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Not All Texas GOP Ready To Use Nuclear Option When It Comes To Trump Support

Joey Palacios
Texas Public Radio

Over the weekend a handful of elected-Texas Republicans announced they were no longer supporting Donald Trump as the GOP presidential candidate, some even asking that he step down.  But while others have scolded Trump for his “hot mic” comments about groping women, these same Texas elected officials have not denounced his candidacy.

Disappointing, demeaning, disturbing and disgusted, these are just some of the words used by leading Texas Republican officials to describe Donald Trump’s 2005 comments about groping women.  While there has been an outpouring of criticism, so far only Fort Worth Republican Congresswoman Kay Granger and Congressman Will Hurd, a Republican whose district includes San Antonio, have asked Trump to step down.    Former state party chairman and RNC consultant Steve Munisteri says he’s not surprised by the recent condemnation but says Trump still has overwhelming support from Texas voters. “Polls show that a majority of Republican voters would like the party to stand behind the nominee and so I do believe that is the majority opinion, now that doesn’t mean that people condone specific comments," Munisteri says. Mark Jones with Rice University’s Baker Institute of Public Policy says un-endorsing a presidential candidate is a nuclear option that isn’t that easy to walk back.  But he says for Republicans locked in a contentious down-ballot race, continuing to openly support Trump can also be a challenge, especially if his polling numbers continue to drop. “Most of the Republicans are going to be in a relative good position but it will vary depending on how close they align themselves with Trump," Jones explains. Jones says that even seems to be the case amid Republican fundraisers in Texas.  This week San Antonio builder Gene Powell, begrudgingly announced that he would still fulfill his obligation to hold a Trump fundraiser in San Antonio this Tuesday.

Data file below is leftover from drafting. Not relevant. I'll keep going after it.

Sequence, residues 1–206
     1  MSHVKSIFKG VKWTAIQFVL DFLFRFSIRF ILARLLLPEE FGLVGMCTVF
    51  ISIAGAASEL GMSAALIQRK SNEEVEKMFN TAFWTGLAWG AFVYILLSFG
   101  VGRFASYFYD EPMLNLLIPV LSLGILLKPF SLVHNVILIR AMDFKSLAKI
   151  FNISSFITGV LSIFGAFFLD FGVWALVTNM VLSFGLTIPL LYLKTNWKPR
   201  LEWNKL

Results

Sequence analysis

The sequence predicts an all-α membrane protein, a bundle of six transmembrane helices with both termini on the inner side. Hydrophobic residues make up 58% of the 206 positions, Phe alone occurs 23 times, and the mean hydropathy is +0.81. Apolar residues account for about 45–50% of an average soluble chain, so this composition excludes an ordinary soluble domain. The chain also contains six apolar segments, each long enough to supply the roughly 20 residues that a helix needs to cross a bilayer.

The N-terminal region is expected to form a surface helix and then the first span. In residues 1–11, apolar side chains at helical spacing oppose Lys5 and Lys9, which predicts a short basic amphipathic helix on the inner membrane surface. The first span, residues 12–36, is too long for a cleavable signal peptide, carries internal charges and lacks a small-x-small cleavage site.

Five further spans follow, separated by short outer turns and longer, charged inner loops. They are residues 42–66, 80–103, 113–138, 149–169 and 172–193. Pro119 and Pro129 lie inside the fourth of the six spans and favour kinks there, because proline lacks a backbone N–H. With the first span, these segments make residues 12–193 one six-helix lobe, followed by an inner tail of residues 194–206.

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Ryan started his radio career in 2002 working for Austin’s News Radio KLBJ-AM as a show producer for the station's organic gardening shows. This slowly evolved into a role as the morning show producer and later as the group’s executive producer.